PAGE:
Difference Between Energy Star Rated Appliances and Non-Energy Star Rated Appliances

Energy Star is a joint effort of the United States Environmental Protection Agency and Department of Energy.

Standards

The program certifies a variety of appliances for the home and office, including clothes washers, HVAC units, refrigerators and dishwashers. Non-Energy Star rated appliances have not attained certification and may only meet the minimum federal standards for efficiency.

The United States Department of Energy's Appliances and Commercial Equipment Standards Program develops the federal minimum standards for residential and commercial appliance efficiency. All appliances sold in the U.S. must meet these minimum standards. The Energy Star program has higher standards for certified products. Exact specifications vary by product. For example, Energy Star rated full size refrigerators must be at least 20 percent more energy efficient than the federal minimum standard. Full size freezers must be at least 10 percent more efficient than the minimum standard.

Cost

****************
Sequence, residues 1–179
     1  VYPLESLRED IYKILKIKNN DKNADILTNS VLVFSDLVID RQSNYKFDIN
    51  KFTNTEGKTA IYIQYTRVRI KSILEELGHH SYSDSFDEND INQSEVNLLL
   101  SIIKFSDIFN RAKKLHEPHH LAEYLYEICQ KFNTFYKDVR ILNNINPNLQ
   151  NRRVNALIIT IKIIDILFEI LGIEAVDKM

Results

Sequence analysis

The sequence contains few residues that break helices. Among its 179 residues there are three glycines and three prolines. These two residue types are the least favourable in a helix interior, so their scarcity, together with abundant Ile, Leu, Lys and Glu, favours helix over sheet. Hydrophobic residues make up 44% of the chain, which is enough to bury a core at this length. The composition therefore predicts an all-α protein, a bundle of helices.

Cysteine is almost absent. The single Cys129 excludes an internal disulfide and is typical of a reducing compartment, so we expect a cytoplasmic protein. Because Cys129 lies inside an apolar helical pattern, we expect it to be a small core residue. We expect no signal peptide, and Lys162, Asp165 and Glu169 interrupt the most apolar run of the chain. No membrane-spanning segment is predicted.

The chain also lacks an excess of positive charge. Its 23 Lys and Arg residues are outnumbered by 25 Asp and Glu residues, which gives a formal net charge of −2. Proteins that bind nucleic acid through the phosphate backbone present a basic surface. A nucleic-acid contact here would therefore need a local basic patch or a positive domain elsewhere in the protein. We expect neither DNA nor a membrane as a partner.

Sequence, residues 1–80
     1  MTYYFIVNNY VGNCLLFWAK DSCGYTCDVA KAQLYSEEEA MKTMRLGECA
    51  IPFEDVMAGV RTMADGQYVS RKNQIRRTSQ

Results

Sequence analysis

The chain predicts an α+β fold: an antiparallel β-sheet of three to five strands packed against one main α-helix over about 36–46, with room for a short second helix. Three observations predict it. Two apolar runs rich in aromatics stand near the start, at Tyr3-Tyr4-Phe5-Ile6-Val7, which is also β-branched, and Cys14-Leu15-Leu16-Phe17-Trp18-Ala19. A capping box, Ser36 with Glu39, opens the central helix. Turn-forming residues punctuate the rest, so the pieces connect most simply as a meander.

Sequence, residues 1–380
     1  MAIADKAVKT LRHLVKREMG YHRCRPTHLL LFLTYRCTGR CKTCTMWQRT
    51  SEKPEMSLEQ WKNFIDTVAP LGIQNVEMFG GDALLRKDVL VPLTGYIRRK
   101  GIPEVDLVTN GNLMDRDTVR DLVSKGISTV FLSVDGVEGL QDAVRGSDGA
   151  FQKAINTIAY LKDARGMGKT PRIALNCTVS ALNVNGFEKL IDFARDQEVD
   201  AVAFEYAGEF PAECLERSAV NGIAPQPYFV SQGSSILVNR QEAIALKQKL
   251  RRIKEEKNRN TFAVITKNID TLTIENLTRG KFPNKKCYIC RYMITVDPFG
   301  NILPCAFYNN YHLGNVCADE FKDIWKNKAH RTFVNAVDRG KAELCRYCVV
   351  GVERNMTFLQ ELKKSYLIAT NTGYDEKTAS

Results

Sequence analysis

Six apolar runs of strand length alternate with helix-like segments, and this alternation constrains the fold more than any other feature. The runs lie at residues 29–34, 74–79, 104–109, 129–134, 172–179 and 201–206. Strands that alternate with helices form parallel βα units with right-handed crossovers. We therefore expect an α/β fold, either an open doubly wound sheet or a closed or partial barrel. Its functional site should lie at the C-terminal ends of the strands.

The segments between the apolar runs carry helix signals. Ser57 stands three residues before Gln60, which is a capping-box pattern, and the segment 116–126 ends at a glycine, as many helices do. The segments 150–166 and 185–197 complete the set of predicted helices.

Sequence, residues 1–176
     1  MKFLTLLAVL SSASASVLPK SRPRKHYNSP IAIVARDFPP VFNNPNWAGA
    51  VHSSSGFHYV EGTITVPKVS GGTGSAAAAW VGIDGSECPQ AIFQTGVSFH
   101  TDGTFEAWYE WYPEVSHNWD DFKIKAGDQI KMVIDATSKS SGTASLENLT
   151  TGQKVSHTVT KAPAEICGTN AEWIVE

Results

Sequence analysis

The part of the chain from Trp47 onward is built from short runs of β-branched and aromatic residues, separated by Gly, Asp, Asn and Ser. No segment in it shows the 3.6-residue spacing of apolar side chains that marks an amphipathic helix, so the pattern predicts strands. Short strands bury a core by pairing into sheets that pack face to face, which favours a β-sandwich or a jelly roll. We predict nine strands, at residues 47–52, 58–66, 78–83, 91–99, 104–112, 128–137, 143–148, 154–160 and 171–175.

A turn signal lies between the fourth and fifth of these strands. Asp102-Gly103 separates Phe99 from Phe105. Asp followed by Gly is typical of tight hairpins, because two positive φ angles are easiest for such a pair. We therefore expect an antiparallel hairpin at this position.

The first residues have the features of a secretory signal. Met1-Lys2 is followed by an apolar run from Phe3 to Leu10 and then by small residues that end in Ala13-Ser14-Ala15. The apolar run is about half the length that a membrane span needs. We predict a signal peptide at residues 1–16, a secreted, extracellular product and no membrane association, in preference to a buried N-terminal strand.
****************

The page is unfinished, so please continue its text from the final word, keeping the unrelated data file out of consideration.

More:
Consumers should consider two prices when deciding between an Energy Star product and a non-Energy Star model, as noted by the Texas A&M University Extension. The first price is the upfront cost. Energy Star appliances tend to have a higher initial price tag than standard models. The second price is the operating cost. Although an Energy Star product may cost more upon purchase, certified products often cost less in the long-term, due to decreased utility costs.

The Energy Guide Label

Familiarize yourself with the Energy Guide label before you shop for new appliances. This bright yellow label tells consumers exactly how much energy the product uses when it is properly installed and operated. The label usually also offers a product comparison and estimates of annual operating costs. Some appliances, such as kitchen ranges, ovens, clothes dryers, humidifiers and dehumidifiers, are not required to carry an Energy Guide label. Keep in mind that the estimates on the Energy Guide are only approximate and may vary based on where you live and how you use the appliance.

Considerations

Regardless of the type of model you choose, always read product labels carefully and allow plenty of time to shop around for the best product. If you choose an Energy Star product, ask the dealer about any rebates or tax credits that may be available for the appliance. Hire a professional to install complex appliances like heaters or air conditioning units, since improper installation often increases energy usage. Once you have purchased and installed your appliance, use energy-saving practices to minimize utility bill costs.

About the Author

Nicole Crawford is a NASM-certified personal trainer, doula and pre/post-natal fitness specialist. She is studying to be a nutrition coach and RYT 200 yoga teacher. Nicole contributes regularly at Breaking Muscle and has also written for "Paleo Magazine," The Bump and Fit Bottomed Mamas.